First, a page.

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The sound of men in cages — nothing can compare with it.

I read this line, within the first twenty pages of J.R. Moehringer’s Sutton, on the streetcar.  I had been given the book by a colleague and had no real expectations.  It was a book about a real life criminal, notorious for his bank robberies and ability to escape high-security prisons.  But, like they say, love finds you when you least expect it.  And, I can assure you, that is exactly how it happened.

First, to address my previous statement, I was wrong about the criminal stereotyping.  William Francis Sutton was, by definition, a criminal.  But he was also a lover of literature, a swell gardener, a loyal friend and a painstakingly devoted romantic.  Known for his polite and charming persona, Sutton’s crimes were never violent.  More than a criminal, Willie Sutton was a modern-day Robin Hood.

So when I read this line, I knew, J.R. Moehringer was going to make me love this man.  And love him, I did.  Though Sutton is a fictional story, it is based very accurately on historical events.  Willie Sutton did grow up in the Irish slums, and did hold a severe resentment for the banks that swam in cash while the public starved.  He did get arrested repeatedly, and subsequently escaped prison repeatedly.  He was released from prison for the last time on Christmas Eve at the age of 68.  He proceeded to write two memoirs, both of which contradicted the other, leaving so much room for the imagination to fill in the gaps.  And I must admit, I am so glad that this is exactly what J.R. Moehringer did.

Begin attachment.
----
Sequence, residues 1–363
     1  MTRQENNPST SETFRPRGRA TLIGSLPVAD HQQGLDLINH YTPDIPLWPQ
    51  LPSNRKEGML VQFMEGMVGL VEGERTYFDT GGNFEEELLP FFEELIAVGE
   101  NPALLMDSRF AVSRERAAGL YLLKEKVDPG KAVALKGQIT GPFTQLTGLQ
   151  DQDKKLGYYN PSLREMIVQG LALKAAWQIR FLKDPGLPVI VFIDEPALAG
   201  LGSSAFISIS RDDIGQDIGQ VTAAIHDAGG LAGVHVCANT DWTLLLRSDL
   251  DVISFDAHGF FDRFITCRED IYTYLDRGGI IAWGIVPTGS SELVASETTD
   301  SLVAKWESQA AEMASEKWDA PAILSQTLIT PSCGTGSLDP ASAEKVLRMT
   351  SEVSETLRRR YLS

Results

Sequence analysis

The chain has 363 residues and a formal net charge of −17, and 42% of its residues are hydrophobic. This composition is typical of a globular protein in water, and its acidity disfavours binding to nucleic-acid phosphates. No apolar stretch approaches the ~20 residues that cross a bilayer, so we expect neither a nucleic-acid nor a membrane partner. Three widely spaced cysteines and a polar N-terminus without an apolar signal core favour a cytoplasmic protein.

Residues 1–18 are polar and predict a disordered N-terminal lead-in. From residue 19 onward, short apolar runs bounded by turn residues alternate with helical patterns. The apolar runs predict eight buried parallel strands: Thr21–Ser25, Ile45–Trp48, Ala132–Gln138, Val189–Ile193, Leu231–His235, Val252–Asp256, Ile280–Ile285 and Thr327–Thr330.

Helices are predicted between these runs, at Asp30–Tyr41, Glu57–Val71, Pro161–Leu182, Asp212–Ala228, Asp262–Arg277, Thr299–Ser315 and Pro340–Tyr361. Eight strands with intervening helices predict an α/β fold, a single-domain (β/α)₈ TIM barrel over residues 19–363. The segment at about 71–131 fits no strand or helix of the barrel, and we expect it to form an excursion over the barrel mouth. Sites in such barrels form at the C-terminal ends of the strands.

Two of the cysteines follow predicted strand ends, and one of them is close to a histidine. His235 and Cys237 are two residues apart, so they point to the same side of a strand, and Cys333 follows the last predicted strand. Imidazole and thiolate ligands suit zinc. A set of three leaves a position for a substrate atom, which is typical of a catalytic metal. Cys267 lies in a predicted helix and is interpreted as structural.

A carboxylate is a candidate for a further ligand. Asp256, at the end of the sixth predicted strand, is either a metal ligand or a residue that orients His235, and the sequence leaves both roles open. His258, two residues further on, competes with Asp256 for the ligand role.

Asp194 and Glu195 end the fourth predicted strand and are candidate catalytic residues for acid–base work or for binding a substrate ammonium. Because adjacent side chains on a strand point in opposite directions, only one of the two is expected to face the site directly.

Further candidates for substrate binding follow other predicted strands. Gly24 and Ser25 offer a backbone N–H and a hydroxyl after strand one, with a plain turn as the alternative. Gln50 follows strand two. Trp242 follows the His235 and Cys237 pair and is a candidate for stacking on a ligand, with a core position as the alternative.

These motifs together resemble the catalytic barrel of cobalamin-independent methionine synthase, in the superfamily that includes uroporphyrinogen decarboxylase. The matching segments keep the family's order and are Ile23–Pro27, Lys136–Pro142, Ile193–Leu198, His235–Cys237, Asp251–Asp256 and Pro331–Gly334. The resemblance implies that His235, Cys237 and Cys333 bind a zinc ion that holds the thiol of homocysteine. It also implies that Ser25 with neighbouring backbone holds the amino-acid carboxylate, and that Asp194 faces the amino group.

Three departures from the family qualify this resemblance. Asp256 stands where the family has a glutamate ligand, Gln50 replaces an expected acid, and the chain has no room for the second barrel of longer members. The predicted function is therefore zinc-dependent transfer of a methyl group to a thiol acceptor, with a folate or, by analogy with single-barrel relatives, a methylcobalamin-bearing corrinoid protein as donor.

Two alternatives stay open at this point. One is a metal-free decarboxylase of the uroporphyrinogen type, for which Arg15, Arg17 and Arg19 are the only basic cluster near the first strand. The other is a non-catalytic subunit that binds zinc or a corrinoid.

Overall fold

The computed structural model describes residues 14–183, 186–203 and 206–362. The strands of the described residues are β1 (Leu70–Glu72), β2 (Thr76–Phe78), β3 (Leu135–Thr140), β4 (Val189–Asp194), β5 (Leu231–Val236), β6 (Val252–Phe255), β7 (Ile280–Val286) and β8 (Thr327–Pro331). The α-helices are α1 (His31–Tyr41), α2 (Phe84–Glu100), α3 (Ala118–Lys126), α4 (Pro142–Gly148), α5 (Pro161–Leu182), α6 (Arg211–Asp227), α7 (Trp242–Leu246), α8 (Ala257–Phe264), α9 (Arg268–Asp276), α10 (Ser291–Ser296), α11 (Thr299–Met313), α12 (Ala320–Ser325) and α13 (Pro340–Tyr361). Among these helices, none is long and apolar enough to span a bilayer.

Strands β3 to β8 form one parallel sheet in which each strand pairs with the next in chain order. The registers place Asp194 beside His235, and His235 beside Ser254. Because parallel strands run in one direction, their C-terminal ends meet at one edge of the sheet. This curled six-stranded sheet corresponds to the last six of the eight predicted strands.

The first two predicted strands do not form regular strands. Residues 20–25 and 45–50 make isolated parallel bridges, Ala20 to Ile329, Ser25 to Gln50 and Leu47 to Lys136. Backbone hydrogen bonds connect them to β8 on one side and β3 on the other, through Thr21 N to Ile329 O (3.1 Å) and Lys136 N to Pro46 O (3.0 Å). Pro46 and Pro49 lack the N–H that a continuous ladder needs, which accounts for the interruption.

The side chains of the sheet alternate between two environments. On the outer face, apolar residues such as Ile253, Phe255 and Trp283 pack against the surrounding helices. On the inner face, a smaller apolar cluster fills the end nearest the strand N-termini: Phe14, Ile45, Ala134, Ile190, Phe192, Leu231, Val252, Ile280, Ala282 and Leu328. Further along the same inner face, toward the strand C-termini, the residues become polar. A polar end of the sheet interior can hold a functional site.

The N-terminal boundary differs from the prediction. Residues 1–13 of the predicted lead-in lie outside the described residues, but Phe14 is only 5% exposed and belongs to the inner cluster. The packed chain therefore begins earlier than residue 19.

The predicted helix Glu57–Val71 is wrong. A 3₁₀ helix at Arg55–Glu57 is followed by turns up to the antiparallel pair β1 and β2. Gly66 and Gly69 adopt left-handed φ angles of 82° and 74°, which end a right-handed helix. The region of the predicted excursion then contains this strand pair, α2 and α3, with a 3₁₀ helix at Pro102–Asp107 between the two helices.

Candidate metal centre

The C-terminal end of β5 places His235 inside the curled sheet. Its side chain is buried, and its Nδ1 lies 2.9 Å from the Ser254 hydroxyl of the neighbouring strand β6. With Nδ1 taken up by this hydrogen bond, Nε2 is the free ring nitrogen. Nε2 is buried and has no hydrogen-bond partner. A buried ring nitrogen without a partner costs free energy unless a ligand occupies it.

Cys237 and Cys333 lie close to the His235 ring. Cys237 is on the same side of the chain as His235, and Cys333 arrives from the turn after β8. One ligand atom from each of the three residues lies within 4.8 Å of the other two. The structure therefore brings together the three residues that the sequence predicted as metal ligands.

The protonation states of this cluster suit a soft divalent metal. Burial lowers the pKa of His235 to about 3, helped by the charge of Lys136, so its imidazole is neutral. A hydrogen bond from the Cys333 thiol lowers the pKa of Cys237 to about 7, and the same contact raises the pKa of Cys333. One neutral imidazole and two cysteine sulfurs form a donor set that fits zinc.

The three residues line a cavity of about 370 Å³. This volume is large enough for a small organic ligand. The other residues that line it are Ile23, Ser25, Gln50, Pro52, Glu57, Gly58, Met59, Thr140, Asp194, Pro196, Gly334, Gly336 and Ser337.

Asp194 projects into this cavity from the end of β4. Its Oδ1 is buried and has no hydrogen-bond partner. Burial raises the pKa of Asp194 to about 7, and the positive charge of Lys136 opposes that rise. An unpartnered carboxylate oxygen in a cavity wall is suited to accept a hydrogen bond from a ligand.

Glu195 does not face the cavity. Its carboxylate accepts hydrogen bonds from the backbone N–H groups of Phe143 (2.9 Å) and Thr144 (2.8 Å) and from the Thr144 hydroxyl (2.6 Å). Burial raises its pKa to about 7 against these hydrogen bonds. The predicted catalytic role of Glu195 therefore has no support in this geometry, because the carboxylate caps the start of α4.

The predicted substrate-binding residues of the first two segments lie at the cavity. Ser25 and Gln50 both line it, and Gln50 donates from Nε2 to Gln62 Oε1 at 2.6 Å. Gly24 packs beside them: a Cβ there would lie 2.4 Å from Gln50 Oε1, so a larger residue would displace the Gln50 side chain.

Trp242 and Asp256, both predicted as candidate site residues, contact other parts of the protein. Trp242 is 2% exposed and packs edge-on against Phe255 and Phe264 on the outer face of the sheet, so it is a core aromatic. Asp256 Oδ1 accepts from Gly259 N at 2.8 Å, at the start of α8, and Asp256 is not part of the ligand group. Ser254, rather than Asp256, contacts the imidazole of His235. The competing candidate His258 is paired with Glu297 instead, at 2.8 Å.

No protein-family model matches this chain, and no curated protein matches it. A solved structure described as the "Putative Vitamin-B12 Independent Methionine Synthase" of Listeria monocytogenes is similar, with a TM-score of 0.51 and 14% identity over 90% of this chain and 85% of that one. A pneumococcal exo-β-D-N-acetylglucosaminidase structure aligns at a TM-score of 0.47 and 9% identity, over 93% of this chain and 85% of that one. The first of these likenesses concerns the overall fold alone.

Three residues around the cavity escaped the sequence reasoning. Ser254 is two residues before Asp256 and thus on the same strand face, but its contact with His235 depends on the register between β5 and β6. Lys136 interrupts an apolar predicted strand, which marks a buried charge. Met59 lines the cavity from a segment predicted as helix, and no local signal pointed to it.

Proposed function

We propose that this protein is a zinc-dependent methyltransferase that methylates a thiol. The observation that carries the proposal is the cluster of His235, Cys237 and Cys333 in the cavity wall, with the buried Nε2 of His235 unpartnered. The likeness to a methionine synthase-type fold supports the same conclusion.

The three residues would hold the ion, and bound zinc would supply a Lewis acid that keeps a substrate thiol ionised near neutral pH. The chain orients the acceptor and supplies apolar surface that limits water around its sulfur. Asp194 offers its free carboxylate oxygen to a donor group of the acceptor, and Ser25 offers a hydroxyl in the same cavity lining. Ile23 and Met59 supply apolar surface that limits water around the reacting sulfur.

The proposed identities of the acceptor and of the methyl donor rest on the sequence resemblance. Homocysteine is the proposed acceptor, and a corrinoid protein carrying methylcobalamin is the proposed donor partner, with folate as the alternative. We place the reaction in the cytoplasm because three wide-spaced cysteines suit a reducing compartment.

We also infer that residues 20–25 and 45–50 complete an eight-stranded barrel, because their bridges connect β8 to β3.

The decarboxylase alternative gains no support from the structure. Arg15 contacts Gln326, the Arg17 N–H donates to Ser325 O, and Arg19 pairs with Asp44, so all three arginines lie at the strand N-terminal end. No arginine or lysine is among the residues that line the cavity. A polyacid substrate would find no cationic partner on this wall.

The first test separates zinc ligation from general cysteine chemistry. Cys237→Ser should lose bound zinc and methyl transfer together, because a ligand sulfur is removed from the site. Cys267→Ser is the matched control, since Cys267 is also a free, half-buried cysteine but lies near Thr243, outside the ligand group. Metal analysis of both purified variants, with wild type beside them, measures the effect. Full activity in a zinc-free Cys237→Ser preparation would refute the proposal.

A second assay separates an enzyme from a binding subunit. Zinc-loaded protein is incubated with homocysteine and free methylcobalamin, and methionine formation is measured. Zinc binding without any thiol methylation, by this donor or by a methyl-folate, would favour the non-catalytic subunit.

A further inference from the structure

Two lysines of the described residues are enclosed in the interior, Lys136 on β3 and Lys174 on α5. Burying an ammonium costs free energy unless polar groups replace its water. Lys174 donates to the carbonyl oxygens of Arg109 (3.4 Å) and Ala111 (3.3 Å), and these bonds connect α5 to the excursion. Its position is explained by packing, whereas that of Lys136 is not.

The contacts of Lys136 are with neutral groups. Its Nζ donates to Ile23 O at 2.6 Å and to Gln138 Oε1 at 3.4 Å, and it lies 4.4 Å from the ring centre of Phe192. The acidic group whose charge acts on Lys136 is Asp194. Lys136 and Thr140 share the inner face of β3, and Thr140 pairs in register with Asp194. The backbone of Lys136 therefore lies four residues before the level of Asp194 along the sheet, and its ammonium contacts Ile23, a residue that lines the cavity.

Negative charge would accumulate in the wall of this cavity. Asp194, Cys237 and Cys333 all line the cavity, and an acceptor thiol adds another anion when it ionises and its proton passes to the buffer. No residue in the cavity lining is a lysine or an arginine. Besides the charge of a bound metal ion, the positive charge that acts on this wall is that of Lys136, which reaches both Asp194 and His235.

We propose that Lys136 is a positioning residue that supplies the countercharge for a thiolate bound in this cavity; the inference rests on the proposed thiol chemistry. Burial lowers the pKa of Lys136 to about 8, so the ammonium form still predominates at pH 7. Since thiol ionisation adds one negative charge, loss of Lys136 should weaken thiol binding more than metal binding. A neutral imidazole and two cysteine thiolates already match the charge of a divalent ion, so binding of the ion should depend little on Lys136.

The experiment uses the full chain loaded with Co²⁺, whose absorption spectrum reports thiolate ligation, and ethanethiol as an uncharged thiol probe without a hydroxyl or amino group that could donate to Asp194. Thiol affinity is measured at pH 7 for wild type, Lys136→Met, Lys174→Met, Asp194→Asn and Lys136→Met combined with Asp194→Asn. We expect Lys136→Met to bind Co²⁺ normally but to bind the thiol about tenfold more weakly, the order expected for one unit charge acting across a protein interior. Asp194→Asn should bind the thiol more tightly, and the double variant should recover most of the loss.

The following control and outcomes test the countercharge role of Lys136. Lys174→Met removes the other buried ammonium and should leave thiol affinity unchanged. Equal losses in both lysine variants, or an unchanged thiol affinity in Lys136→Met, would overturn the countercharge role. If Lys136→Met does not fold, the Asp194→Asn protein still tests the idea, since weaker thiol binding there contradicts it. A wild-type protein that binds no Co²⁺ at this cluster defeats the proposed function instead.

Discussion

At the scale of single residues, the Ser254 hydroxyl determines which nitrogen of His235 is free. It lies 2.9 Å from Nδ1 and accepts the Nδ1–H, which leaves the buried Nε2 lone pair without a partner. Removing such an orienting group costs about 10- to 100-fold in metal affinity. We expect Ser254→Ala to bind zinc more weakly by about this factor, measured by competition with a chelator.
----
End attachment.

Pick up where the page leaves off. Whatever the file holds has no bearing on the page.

Upon his release from prison, Sutton was forced to drive around New York with a reporter, taking him to all the scenes of his life’s most significant moments.  Moehringer frames the story of Willie’s life with this trip.  New York comes alive in Moehringer’s vivid descriptions of the concrete jungle during the whole of the 1900’s.  I was captivated.  But more than this, I was moved.

Moehringer’s depiction of Willie Sutton was a force, from the narrative voice he is given, to his poetic thought and his astoundingly passionate love for the woman who lead him into a life of crime, Bess Endner.  Willie’s story is not just one of money; it is primarily a story of love.

An entire world exists in the pages of this book.  One that has dug deep into my heart and burrowed there.  The amount of feeling that this novel evoked from me is a pure testament to the raw talent that is scribed within these pages.  I proceeded to read everything I could on this book, Willie Sutton, and J.R. Moehringer.  I will go as far as saying that Moehringer’s Willie Sutton is one of the most wonderful literary characters that I have ever encountered.

One last quote to leave you with, because the writing in this novel was so beautiful, I could feel it in my bones.  Sadly, my favourite lines would reveal spoilers, so you’ll just have to read the book for yourself!

He never realized until now that ribs are nothing but bars made of bone, and the heart is just a scared prisoner pleading to get out.

And if you have the time, please listen to this amazing speech that J.R. Moehringer did at BEA this year.  I listened to it three times in a span of eight hours.  Oh, and read this book.  And be prepared to want to start it all over again once you finish.

Sutton releases this Tuesday!

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